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Rapporteur’s Report – Group A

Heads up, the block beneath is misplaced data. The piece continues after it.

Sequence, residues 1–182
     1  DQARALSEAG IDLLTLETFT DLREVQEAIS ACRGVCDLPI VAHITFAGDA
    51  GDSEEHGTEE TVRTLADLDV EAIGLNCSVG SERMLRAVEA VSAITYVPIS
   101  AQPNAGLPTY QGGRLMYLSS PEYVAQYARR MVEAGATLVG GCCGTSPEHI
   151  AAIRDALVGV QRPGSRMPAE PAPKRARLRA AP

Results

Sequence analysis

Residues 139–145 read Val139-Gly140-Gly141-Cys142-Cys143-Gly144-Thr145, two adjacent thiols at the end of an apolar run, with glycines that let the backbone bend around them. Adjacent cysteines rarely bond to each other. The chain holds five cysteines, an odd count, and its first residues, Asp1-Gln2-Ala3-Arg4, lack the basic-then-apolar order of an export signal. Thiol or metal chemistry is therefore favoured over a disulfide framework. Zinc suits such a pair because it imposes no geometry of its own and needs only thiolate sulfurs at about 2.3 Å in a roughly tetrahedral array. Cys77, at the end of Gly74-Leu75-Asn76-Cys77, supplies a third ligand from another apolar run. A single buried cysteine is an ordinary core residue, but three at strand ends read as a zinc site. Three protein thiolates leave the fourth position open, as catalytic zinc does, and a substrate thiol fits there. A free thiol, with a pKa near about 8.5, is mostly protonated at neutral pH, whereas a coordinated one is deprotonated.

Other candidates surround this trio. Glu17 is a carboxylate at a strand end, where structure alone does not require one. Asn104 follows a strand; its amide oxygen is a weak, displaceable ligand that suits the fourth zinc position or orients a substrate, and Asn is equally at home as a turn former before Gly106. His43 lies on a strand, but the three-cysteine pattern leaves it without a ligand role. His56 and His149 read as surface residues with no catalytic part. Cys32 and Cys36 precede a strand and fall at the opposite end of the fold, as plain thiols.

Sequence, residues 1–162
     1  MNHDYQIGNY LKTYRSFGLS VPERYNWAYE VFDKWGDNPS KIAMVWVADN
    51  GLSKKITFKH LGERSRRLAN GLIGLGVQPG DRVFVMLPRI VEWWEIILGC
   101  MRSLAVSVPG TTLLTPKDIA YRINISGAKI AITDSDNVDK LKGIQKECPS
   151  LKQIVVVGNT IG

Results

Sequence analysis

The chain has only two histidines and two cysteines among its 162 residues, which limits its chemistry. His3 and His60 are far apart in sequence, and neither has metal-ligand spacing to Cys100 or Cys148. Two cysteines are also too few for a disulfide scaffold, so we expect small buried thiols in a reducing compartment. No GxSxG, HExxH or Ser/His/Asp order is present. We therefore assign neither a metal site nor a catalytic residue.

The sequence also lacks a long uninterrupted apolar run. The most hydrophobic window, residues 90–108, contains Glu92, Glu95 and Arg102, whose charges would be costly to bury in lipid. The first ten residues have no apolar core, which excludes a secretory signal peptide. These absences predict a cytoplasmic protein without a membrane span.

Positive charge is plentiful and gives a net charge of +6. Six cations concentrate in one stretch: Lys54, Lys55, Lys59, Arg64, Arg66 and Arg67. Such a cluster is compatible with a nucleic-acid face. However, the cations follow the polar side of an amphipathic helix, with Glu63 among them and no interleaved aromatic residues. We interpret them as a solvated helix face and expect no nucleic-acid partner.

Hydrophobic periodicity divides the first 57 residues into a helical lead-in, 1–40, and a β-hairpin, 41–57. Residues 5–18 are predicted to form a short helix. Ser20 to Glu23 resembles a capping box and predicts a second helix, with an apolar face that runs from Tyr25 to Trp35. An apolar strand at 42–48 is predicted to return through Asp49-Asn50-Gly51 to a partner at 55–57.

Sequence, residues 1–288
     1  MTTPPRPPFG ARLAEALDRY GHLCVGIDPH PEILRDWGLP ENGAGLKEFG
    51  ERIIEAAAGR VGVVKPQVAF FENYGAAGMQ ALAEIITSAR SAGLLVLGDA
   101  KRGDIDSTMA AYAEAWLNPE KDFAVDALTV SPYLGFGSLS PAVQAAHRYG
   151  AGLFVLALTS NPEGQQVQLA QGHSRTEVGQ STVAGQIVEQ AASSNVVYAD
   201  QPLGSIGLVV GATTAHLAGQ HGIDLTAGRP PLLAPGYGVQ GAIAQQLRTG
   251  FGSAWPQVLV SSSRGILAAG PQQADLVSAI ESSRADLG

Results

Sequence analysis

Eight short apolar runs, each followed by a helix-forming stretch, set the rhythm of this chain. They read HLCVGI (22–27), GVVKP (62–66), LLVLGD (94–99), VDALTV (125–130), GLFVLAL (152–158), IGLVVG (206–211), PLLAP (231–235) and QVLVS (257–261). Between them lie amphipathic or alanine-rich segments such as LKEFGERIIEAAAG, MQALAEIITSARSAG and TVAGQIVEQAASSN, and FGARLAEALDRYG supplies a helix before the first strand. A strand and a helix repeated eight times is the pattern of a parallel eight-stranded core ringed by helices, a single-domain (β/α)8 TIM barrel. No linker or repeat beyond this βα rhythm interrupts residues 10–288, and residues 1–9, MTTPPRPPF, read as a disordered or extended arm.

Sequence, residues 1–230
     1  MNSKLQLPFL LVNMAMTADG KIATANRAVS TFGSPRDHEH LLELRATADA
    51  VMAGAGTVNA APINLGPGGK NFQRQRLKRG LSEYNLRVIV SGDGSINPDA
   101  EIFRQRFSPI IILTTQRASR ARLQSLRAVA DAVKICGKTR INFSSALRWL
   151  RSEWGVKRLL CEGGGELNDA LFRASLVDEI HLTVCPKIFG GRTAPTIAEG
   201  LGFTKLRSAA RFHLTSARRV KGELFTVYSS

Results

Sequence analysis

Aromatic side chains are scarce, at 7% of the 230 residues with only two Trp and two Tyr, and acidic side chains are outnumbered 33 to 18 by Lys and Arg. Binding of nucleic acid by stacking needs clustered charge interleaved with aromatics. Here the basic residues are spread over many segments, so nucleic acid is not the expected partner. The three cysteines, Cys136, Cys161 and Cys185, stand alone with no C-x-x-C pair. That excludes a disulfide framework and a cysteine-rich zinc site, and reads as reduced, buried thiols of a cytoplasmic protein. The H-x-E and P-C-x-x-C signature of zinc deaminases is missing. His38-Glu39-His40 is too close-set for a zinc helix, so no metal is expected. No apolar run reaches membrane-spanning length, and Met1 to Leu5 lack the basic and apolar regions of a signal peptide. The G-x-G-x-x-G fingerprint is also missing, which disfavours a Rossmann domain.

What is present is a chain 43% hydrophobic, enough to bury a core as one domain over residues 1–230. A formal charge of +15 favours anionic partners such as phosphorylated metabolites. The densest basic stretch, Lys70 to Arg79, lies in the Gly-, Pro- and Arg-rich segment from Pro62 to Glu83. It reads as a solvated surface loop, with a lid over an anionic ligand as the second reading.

Forum of Federations Forum des fédérations Forum of Federations 700-325 Dalhousie Street Ottawa, Ontario K1N 7G2 Canada Tel.: (613) 244-3360 Fax: (613) 244-3372 Email: Forum des fédérations 700-325, rue Dalhousie Ottawa (Ontario) K1N 7G2 Canada Tél.: (613) 244-3360 Téléc.: (613) 244-3372 Courrier électronique : Rapporteur’s Report – Group A On Friday afternoon and on Saturday morning the Conference broke into two groups. The first meeting of both groups discussed preparation for negotiations, negotiation of international agreements, and the nature of sub-national participation; with lead discussants on international trade, the environment, and social policy. The format of the second meeting was the same but the focus was the implementation and enforcement of international agreements at the sub-national level. While both groups had French and English translation, Group A was also provided with Spanish translation which had a dramatic impact on the composition of our sessions, as most of the Spanish speakers gravitated to our group and about ninety percent of the interventions were in Spanish. The majority of the active participants came from Latin America, mostly from Argentina and Brazil but also from Mexico. Participants from Canada and Nigeria also made contributions. On one occasion a unilingual participant from Brazil made a long intervention in Portuguese which was initially translated into Spanish by the moderator. There was a sharp divergence between the proposed questions and the content of our interactions. We did not discuss preparation for negotiations, negotiation of international agreements, and the nature of sub-national participation in a sustained way nor did we specifically examine the implementation and enforcement of international agreements at the sub-national level. It became apparent these questions were ahead of where we were as a group, and discussion generally dealt with country specific considerations. We quickly agreed that globalization was having an effect on Constituent Units (CUs) in each of the policy areas addressed by the lead discussants – trade, the environment, and social policy. Regional and global economic integration, environmental degradation, and their social consequences are forcing CUs to respond. While this is a point of communality aspects of divergence soon came to predominate. It was clear (for lack of more appropriate terms) that societies in the first, second, and third worlds are experiencing globalization differently. The impact on CUs of globalization varies depending on the nature of the societies of which they are a part. Another point of divergence was that CUs have different degrees of dependence on, and independence from, their federal governments. This can be based on constitutional differences and also upon the size of a CU and its related bureaucratic capabilities. One thing smaller CUs share is their federal governments can be essential in the redistribution of resources and the defence of their interests in the face of demands from bigger units. Senate reform, while often not feasible, is of some relevance as the more an upper chamber is an effective loci for the brokerage of CU interests the less likely CUs are to act independently. On Saturday morning some participants said CUs should not be involved in international activities, that CUs could participate internally but otherwise CUs were inefficient and just lobby groups, and that foreign relations are federal matters and strictly within the legal purview of central governments. This view was contested by others who said CUs should be imaginative and creative in advancing their international activities and ideally the system of CU involvement and federal-CU relations should be allowed to evolve. It was added that CU involvement is part of the construction of civil society and the democratizing process, which is the perspective of noted scholar John Kincaid who spoke later that afternoon during the plenary session. The rapporteurs’ role was to summarize discussion and to note general recommendations and recommendations concerning future Forum programming. There was a broad consensus for the recommendation of more institutionalized CU input into negotiations which was taken to mean more sharing of information between the two levels of government and opportunities for greater participation by CUs and should not be confused with formalization which was seen as less productive and undesirable. The situation of CUs from federation to federation, while sharing some similarities, is also very different. There are so many combinations and permutations that speaking in general terms blurs critical differences, and it was recommended that future meetings have a country or regional focus – that the basic organizing principle should be geographic rather than thematic. This recommendation is consistent with the Forum’s plans for 2001 to hold conferences in Nigeria and Mexico on federalism in those countries. – 30 – By: David Dyment, Ph.D., Université d’Ottawa